The Joy Of The Mundane In 'Emily, Alone'

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Anne Roiphe was a National Book Award finalist for Fruitful and is also the author of Up the Sandbox. She has written for Vogue, Elle, The New York Times and other news organizations, and lives in New York City. Mary Ellen Mark hide caption

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Mary Ellen Mark

Anne Roiphe's 1950s Feminism In 'Art And Madness'

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Mat Johnson is the author of several novels and graphic novels including Drop, Hunting in Harlem and Incognegro. Johnson is a faculty member at the University of Houston Creative Writing Program and lives in Texas with his wife and children. Meera Bowman Johnson. hide caption

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Meera Bowman Johnson.

In 'Pym,' A Comic Glimpse Into Poe's Racial Politics

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David Cassidy, star of the television show The Partridge Family, walks down a road in London in 1974. Allison Pearson's new novel I Think I Love You tells the story of a teenage girl in love with the American pop singer. Ellidge/Ellidge/ Getty Images hide caption

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Ellidge/Ellidge/ Getty Images

'I Think I Love You,' David Cassidy

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Amy Chua is the author of two books on globalization and democracy and is a professor at Yale Law School. Courtesy Penguin Press/ hide caption

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Courtesy Penguin Press/

Tiger Mothers: Raising Children The Chinese Way

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This undated photo shows William Trevor, author of Cheating at Canasta, Love and Summer and other collections and novels. Jerry Bauer/AP hide caption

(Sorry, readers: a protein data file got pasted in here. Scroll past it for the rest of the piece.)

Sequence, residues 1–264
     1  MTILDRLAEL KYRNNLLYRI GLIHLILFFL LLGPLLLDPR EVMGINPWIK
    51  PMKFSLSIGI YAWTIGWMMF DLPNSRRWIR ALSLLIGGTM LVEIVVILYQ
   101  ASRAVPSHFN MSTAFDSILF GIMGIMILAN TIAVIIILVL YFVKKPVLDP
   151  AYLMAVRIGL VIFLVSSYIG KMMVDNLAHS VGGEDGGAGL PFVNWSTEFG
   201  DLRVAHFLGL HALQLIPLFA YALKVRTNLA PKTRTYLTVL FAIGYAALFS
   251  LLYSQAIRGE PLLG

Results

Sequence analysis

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Jerry Bauer/AP

William Trevor: A Short-Story Master's Life Work

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Aaron Meshon

Maureen Corrigan's Favorite Books Of 2010

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Laura Hillenbrand is also the author of Seabiscuit: An American Legend. The book inspired the Academy Award-nominated film Seabiscuit. Washington Post/Getty Images hide caption

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Washington Post/Getty Images

The 'Unbroken' Spirit Of An Ordinary Hero

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'Franklin And Eleanor': A Marriage Ahead Of Its Time

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Dinaw Mengestu is also the author of The Beautiful Things That Heaven Bears. Born in Addis Ababa, Ethiopia, in 1978, he moved with his family to the United States in 1980. David Burnett hide caption

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David Burnett

From Dinaw Mengestu, A 'How To' With Few Answers

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Narratives Of Grief Fill Krauss' 'Great House'

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'Bovary' Translation Does 'Le Mot Juste' Justice

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In a now famous moment during the 2008 presidential primaries, Hillary Clinton fought back tears after an undecided voter asked her how she managed to keep at it, day after day. Above, Clinton responds to a reporter's question about that uncharacteristic display of emotion. Joe Raedle/Getty Images hide caption

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'Girls Don't Cry': Beware 'Campaigning While Female'

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Fair Or Not, 'Freedom' Has Earned Its Accolades

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